Sunday, September 16, 2012

Gone by Randy Wayne White

Gone by Randy Wayne White introduces a new protagonist, Hannah Smith.  While the plot is mildly interesting, but not overly exciting, and a quick read, the poor characterization is the book’s ultimate undoing.

It’s not the the characters are caricatures, but they are sort of franken-caricatures.  Parts of different cut-out characters stitched together in a way that make no sense.  Since most of the unraveling of the mystery here involves long conversations, sometimes oddly recounted after the fact, I spent most of the time frustrated with the stupid or bizarre actions of the characters.  

The main character, Hannah Smith, is a pretty girl, who doesn’t think she is, but sort of knows she is, who doesn’t look pretty, except she does, in a certain light, or after a couple of drinks, in a mannish but totally feminine way.  I was confused too.  Her best friend is a muscle bound gay dude who is terribly shy, but can have a temper, except he just wants to be friends and is willing to play the muscle, but kind of wants to run away from any social situations.  

None of the characters in the end did I really care about.  And the ones that Hannah felt sympathy for, I’d have rather she just slapped.  They were too irritating to inspire real sympathy.  

The solution to the “mystery” is pretty much a foregone conclusion almost from the moment it’s presented, with only how the final confrontation would play out really at issue.  I may have found that confrontation a little more interesting if I’d cared more about the characters.  

I haven’t read White’s Doc Ford books, and maybe he has a better handle on those characters.  There’s enough writing skill here for me to check them out.  There are too many other better books similar to this one to recommend Gone, though.  I received an advance copy of this book.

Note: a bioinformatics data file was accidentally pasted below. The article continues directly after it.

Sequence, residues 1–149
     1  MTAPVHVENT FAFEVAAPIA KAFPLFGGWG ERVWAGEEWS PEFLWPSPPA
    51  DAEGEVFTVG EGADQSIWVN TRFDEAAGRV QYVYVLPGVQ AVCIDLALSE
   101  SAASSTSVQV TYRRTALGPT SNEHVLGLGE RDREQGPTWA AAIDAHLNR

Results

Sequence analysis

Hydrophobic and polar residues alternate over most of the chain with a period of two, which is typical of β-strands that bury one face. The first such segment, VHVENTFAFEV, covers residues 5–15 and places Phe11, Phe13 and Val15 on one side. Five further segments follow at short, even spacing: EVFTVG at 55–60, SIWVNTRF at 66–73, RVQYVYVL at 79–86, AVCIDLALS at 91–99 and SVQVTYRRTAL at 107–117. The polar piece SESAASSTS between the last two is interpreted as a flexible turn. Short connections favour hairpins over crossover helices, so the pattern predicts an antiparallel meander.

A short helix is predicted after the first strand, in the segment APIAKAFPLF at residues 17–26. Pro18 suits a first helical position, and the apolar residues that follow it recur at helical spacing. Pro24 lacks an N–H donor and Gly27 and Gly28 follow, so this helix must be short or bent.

A Foreign Country by Charles Cumming

Excellent slow-boiler of a spy novel.  While not depending on constant action, this book still manages to be a real page-turner.  Well-written and fleshed out characters leave you constantly guessing as to motives and whether or not a double or triple-cross is brewing.

Cummings also manages to paint various locales vividly so they feel like real and distinct places.  Likewise, his description of the real tasks of spycraft, both exciting and mundane, add a level of sophistication to his work.  The outcome never feels like a foregone conclusion and the fact that the characters aren’t infallible lends true suspense to the plot.  The various plots are layered like an onion with the peeling back of each piece revealing something new.  Even when everything is revealed, the outcome remains in doubt, almost to the last page.

A Foreign Country is a cut above other spy novels, and Charles Cumming is clearly at the forefront of the next generation of great spy novelists.  Highly recommended.  I was fortunate to receive an advance copy of this book.

How I Became A Famous Novelist, by Steve Hely

Truly laugh-out-loud funny books are too rare, but this is one of them.  I was hooked from the first chapter and by the end of the second chapter I’d picked up a second copy to give to a friend so I could stop messaging her constantly about how funny this book is.  

This is a faux memoir about a cynical young writer who decides to write a best selling novel for one main reason:  spite.  The book is a cynical look at the publishing world mocking best-selling authors, publishers and reviewers.  It smartly skewers all of them.  It is impossible for me to walk through a bookstore without chuckling thinking about this book.

Healy looks both at common literary devices as well as the calculations that may or may not (but probably do) occur in publishing houses, college literature departments as well as the minds of authors.  Ironically, you can’t write a book this funny without being well-read and a pretty good writer yourself, which Healy clearly is.  

This is a book that should appeal to anyone, but is a must read for any lover of books.  Highly recommended.